4 Ways Depression Affects Oral Health

4 Ways Depression Can Affect Oral Health
Posted on 01/11/2024
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Depression is a serious health issue that can affect your emotional, physical, and social well-being. According to the Centers for Disease Control and Prevention, nearly 20% of adults in the United States have been diagnosed with depression.

One symptom of depression is loss of energy and motivation. This may mean that tasks like brushing your teeth or going to the dentist can feel impossible or even pointless. As a result, some people with depression may see a decline in their oral health.

How does depression affect oral health?

Depression can cause you to neglect your oral health if you aren’t able to motivate yourself to do daily tasks like brushing your teeth and flossing. This neglect can cause gum disease, tooth decay, and tooth loss.

Depression can also cause you to seek out unhealthy habits that affect your oral health. Some examples of behaviors and symptoms that may affect your oral health include:

  • Eating or drinking sugary or carb-heavy foods. These foods and drinks are major causes of cavities in teeth.
  • Smoking, drinking alcohol, or using recreational drugs.
  • Dental phobia. Many people with depression become anxious about the decline of their oral hygiene and are afraid to go to their regular dental appointments for routine cleanings.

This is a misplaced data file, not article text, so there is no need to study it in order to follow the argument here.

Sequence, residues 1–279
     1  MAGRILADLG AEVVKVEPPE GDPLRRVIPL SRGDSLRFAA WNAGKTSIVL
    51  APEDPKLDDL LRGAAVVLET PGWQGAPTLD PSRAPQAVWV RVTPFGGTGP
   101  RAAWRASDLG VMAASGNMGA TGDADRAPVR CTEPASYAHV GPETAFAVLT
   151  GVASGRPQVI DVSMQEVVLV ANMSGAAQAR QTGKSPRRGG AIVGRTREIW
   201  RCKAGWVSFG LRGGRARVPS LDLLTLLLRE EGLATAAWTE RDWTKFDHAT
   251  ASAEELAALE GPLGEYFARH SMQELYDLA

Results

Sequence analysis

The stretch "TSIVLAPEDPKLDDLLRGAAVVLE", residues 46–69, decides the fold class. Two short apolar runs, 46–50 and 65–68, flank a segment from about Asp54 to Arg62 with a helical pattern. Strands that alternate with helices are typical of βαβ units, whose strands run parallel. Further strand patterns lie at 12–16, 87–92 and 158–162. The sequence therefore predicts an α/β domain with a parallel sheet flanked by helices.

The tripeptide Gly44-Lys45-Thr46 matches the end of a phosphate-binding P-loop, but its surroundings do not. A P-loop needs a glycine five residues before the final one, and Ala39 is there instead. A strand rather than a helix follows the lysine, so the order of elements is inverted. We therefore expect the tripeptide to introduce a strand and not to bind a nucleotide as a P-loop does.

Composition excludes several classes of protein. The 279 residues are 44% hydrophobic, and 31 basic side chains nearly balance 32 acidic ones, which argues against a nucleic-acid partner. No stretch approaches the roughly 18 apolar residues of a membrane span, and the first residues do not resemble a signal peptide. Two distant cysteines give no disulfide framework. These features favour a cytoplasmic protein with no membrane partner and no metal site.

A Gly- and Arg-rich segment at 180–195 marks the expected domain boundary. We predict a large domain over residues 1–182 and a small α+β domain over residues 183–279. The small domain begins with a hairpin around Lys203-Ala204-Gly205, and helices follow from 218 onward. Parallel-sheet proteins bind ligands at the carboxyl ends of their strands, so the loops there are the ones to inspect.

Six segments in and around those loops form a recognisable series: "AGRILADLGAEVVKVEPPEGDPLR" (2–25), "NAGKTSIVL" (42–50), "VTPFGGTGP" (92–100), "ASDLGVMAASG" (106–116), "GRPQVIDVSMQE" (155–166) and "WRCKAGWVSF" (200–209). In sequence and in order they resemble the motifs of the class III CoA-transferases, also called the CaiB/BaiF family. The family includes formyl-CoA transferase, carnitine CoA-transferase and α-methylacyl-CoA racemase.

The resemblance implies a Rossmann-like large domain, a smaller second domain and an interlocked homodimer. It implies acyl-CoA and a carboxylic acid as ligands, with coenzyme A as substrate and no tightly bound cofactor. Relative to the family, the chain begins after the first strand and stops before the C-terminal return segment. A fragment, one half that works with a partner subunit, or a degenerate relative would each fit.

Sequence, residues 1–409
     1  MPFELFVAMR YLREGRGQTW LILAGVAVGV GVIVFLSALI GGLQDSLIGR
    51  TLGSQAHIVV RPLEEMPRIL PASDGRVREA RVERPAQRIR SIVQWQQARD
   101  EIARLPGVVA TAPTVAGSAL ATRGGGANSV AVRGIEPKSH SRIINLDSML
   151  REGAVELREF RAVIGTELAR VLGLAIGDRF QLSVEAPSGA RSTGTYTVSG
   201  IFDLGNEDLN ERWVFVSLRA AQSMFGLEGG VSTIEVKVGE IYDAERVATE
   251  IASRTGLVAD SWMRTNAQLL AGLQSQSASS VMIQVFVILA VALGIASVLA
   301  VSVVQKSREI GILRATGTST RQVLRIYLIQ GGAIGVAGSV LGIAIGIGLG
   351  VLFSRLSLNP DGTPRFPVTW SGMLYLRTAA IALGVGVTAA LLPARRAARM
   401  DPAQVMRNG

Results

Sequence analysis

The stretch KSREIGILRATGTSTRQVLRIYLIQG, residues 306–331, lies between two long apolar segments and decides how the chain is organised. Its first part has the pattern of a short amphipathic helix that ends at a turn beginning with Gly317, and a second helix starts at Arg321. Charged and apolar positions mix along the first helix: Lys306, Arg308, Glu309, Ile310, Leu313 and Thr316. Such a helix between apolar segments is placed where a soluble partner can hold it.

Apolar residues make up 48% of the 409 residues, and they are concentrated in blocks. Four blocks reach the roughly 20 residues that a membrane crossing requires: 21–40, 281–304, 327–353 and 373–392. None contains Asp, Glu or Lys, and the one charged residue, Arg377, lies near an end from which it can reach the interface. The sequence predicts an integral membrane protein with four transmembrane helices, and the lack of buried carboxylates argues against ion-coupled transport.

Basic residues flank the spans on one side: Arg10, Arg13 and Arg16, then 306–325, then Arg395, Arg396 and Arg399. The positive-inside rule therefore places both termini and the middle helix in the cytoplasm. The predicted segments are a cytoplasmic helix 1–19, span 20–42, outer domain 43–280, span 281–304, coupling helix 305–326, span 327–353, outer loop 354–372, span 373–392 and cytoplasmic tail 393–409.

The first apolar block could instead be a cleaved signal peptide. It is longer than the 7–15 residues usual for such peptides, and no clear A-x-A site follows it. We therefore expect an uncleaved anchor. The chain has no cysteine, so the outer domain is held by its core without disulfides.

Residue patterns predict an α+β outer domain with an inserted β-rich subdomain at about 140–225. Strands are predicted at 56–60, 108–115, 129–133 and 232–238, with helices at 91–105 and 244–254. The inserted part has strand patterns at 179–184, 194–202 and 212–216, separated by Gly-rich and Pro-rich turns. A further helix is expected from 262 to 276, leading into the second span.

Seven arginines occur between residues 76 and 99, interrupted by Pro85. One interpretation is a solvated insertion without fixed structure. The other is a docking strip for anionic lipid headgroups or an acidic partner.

• Dry mouth from anti-depressant medication. Dryness can increase cavity-causing bacteria in your mouth. Make sure you drink plenty of water to prevent this condition from affecting your teeth.

Managing your oral health

If depression is affecting your oral health, there are things you can do to help.

  • Talk to your dentist. Let your dentist know if depression is affecting your ability to care for your teeth. Your dentist may have suggestions for you on how to keep on top of your oral health care routine.
  • Try to eat fruits and vegetables and drink fluoridated water. The fluoride in fluoridated water helps protect the outside surface of your teeth, called the enamel, which can prevent cavities from forming.
  • Brush twice a day with a fluoride toothpaste, rinse with a fluoride mouthwash, and floss daily. It may be helpful to keep dental supplies in a few different places in your home. This way, your dental supplies will be easy to access, and you’ll have multiple visual reminders to take care of your oral health.

Remember, depression isn’t something you can simply snap yourself out of. It’s a serious medical issue. Seek care and support from health care professionals, including dentists, and try to make daily tasks for taking care of your oral health as easy as possible.